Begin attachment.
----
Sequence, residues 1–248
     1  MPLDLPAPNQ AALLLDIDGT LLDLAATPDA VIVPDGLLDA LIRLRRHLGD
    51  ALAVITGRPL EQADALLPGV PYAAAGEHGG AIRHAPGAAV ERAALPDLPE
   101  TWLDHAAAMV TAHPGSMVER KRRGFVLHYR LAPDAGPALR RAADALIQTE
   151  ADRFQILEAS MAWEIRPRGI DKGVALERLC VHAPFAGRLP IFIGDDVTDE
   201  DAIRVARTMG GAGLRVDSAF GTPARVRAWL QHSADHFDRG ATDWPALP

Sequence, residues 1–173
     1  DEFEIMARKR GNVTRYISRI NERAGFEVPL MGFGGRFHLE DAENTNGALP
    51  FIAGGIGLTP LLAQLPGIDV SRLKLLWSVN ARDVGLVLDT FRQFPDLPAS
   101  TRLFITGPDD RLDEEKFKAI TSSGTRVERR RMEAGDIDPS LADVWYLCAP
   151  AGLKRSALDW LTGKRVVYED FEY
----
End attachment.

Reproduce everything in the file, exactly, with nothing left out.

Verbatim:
Sequence, residues 1–248
     1  MPLDLPAPNQ AALLLDIDGT LLDLAATPDA VIVPDGLLDA LIRLRRHLGD
    51  ALAVITGRPL EQADALLPGV PYAAAGEHGG AIRHAPGAAV ERAALPDLPE
   101  TWLDHAAAMV TAHPGSMVER KRRGFVLHYR LAPDAGPALR RAADALIQTE
   151  ADRFQILEAS MAWEIRPRGI DKGVALERLC VHAPFAGRLP IFIGDDVTDE
   201  DAIRVARTMG GAGLRVDSAF GTPARVRAWL QHSADHFDRG ATDWPALP

Sequence, residues 1–173
     1  DEFEIMARKR GNVTRYISRI NERAGFEVPL MGFGGRFHLE DAENTNGALP
    51  FIAGGIGLTP LLAQLPGIDV SRLKLLWSVN ARDVGLVLDT FRQFPDLPAS
   101  TRLFITGPDD RLDEEKFKAI TSSGTRVERR RMEAGDIDPS LADVWYLCAP
   151  AGLKRSALDW LTGKRVVYED FEY